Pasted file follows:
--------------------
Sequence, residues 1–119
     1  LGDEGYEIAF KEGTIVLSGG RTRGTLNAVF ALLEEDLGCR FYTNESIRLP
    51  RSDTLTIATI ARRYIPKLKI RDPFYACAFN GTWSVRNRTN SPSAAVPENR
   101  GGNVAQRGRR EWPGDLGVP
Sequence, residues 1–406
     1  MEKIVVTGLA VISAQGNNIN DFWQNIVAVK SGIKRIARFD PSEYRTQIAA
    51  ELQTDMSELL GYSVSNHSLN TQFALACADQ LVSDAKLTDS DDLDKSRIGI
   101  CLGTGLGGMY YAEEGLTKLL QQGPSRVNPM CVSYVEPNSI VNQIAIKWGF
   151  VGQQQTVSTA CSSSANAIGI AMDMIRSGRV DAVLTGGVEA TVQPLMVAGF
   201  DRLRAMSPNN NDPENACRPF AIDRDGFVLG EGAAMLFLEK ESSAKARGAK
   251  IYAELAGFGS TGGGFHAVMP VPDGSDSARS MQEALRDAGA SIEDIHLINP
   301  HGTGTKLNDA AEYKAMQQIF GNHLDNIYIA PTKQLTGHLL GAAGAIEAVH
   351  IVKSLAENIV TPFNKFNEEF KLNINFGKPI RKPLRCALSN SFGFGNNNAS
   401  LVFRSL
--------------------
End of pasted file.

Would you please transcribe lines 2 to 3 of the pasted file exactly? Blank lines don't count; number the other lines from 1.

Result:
     1  LGDEGYEIAF KEGTIVLSGG RTRGTLNAVF ALLEEDLGCR FYTNESIRLP
    51  RSDTLTIATI ARRYIPKLKI RDPFYACAFN GTWSVRNRTN SPSAAVPENR